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Interview von: arne mit Elie, am: 30.01.2012 ]

UNFOLD setzen auch auf ihrem Drittwerk auf unbändige Kraft, grenzenlose Intensität und Mark erweichende Wall-of-Sounds. „Cosmogon“ ist kein Album, bei dem man nur einzelne Tracks hören kann. Vielmehr sieht man sich einem ganzheitlichen, zusammenhängenden Manifest gegenüber, das der Maxime „Ganz oder gar nicht“ folgt. Zwischen Post-Hardcore und -Metal, Noise, Sludge und Downtempo erschaffen die Schweizer ein beängstigendes, destruktives Stück Musik, das aber auch einige verträgliche Momente und positive Ausblicke beinhaltet.


Musicscan: How big is the interest in Unfold being back with a new album? Do you get lots of requests from your fans and press people? What are they asking or telling you these days? Are there unexpected questions/thoughts, or something that is different compared to when you released your previous records?

Unfold: Well, the interest in Unfold has been quite big since the album has been released, considering the 7 year hiatus we had. It could definitely have been greater, but we appreciate the interest we receive and the good reviews, too !

Musicscan: When a band writes the songs for a record over a longer period, I’d say that these songs can easily stand for a certain period in a band’s career, right ? But would you say that Cosmogon is representative for what Unfold wants to stand for in 2011?

Unfold: Cosmogon was written over the last two years and a lot of parts very recently (in the studio). It’s difficult to have some perspective on this new album, but I think it represents the band and what we stand for. An album is always a snapshot, which represents a particular process and dynamic of the band.

Musicscan: A more general one: Have you been surprised by the fact, that listeners from different musical tastes are getting Unfold? And is this something you can understand or explain somehow?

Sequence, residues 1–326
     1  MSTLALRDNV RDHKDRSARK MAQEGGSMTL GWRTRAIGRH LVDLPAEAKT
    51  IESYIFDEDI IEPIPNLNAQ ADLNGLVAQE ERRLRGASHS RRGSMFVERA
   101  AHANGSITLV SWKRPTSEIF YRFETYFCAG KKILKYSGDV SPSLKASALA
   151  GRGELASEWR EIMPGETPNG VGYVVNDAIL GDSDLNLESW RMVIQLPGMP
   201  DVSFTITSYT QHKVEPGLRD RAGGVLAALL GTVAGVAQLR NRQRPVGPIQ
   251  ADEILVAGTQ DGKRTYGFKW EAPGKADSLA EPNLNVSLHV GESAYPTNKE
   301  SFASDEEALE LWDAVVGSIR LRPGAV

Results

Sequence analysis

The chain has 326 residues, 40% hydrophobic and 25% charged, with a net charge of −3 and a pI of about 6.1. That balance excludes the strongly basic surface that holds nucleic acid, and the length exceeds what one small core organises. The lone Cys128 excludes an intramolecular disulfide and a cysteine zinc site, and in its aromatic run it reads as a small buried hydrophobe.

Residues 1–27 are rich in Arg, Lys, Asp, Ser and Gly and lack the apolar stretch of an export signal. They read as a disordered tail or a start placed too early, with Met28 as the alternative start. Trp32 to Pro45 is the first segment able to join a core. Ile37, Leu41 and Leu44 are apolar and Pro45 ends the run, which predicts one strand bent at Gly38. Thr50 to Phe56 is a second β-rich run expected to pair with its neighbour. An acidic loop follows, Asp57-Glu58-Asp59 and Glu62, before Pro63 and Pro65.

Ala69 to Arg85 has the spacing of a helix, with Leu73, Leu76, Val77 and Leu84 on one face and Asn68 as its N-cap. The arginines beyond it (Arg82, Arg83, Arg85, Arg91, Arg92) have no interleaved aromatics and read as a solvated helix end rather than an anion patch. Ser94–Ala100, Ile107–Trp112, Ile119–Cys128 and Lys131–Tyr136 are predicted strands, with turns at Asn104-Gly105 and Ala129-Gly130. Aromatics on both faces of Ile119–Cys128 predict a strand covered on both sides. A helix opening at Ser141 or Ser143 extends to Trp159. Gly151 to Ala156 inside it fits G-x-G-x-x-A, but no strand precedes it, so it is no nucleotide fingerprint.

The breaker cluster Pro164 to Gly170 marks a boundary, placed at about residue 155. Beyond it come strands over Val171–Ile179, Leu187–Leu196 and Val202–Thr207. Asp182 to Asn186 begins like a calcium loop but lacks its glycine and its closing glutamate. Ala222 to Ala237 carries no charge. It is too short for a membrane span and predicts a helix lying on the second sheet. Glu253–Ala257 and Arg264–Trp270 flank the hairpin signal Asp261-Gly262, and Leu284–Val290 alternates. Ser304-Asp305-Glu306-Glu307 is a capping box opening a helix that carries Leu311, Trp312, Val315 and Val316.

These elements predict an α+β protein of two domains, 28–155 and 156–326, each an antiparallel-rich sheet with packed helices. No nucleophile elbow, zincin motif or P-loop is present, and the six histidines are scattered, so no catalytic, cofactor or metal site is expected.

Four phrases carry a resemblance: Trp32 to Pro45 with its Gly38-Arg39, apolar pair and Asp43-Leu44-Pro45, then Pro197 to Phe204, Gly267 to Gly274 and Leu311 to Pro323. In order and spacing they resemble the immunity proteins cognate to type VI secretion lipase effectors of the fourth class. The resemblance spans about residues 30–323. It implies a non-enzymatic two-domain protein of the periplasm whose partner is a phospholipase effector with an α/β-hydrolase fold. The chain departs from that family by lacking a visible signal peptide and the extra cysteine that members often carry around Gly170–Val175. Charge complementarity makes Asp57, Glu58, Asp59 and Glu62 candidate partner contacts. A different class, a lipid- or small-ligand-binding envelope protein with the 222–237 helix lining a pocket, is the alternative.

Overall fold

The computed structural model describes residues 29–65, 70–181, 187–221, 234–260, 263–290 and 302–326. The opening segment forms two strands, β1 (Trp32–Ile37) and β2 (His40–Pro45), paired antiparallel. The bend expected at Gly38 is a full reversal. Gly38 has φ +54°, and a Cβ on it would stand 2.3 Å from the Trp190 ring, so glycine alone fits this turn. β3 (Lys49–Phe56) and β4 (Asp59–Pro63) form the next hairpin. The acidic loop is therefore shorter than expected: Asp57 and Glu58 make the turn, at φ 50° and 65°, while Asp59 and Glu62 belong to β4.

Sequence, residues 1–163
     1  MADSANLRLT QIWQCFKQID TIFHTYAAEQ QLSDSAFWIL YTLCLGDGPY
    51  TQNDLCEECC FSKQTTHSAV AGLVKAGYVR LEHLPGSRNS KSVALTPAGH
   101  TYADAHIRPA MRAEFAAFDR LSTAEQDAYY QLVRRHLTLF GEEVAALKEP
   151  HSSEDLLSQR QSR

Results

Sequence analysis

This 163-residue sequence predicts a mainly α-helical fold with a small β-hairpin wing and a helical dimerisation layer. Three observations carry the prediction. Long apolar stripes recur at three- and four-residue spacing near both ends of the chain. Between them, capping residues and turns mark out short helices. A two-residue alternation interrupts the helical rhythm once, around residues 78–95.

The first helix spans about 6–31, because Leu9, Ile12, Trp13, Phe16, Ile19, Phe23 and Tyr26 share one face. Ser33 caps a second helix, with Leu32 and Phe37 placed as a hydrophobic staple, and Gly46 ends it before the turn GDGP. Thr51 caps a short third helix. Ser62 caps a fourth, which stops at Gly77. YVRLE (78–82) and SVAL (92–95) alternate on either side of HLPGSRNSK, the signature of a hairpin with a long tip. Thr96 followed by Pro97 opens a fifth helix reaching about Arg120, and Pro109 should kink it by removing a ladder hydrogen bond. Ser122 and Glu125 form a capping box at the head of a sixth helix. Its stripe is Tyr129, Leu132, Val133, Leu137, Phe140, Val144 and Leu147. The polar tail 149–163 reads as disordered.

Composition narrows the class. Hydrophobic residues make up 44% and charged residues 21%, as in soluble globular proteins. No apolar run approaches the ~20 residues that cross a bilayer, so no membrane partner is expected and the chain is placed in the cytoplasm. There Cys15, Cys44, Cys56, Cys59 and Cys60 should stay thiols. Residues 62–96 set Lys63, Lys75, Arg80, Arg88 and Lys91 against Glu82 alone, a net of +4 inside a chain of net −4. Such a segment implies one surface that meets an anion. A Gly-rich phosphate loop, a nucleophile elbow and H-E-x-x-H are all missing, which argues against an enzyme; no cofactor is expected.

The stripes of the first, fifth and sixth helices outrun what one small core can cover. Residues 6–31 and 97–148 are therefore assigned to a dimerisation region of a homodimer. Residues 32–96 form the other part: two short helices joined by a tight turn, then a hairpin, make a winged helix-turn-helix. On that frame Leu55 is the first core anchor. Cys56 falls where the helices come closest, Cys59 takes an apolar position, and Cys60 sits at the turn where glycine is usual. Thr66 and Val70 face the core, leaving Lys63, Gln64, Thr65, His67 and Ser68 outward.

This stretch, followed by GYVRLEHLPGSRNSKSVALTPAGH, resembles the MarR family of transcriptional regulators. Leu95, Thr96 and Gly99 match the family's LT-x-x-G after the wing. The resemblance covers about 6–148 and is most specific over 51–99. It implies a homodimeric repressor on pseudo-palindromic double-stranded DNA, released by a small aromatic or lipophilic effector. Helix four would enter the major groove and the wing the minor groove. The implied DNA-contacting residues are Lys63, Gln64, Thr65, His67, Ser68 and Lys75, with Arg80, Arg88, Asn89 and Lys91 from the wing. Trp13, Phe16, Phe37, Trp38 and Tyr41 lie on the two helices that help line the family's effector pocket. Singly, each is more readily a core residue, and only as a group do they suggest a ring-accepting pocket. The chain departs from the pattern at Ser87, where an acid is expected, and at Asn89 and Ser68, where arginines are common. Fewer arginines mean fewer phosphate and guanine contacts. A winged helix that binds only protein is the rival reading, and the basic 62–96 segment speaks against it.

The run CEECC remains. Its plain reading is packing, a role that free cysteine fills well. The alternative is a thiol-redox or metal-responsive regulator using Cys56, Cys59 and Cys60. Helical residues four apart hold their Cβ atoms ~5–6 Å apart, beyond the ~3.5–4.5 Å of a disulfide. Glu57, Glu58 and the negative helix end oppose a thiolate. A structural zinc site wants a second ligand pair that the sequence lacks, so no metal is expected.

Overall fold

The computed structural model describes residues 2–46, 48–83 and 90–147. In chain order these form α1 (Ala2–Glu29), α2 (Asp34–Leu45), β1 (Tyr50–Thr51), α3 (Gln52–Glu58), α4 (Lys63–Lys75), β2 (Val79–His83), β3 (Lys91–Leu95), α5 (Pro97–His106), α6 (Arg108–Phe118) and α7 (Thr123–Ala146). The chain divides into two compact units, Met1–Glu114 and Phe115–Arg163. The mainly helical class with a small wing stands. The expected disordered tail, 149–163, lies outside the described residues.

Unfold: To be honest, we are a little bit disappointed by some of the feedback we receive. We feel that a lot journalists (or so called ones) simply don’t « get it ». A lot of reviewers consider “post-metal/hardcore” as a dead musical genre, because all has been said in this genre. That’s totally wrong and shows that: 1) they have poor musical culture; 2) they don’t understand that genre are social constructs they contribute to create. We don’t care about the genres, we care about good music.

Musicscan: You guys have been around for some time now. What is behind bands longevity? What fuels the fire and keeps you guys interested in the music you create and keeps you motivated with what you are doing?

Unfold: Great friendship, a sense of dialogue/listening and taking music as a great tool to learn more in life.

Musicscan: Being around the scene for awhile, does it bother you when you see or meet kids who ignore you or who have a different understanding of what heavy music means to you?

Unfold: We actually don’t care. We are not famous and we will never be. “Heavy” music is very subjective and we have our own idea about it: fat sound, groove and emotion.

Musicscan: How do you feel about your place within the metal scene as all as well as in between tradition and gaining new ground to bring forth what the bands you grew up with did before Unfold were around? Do you think it's more important for bands to observe the traditions of their style, or to push the genre's boundaries? Is there a way to achieve a balance between progression and tradition? What’s to say about what Unfold are doing?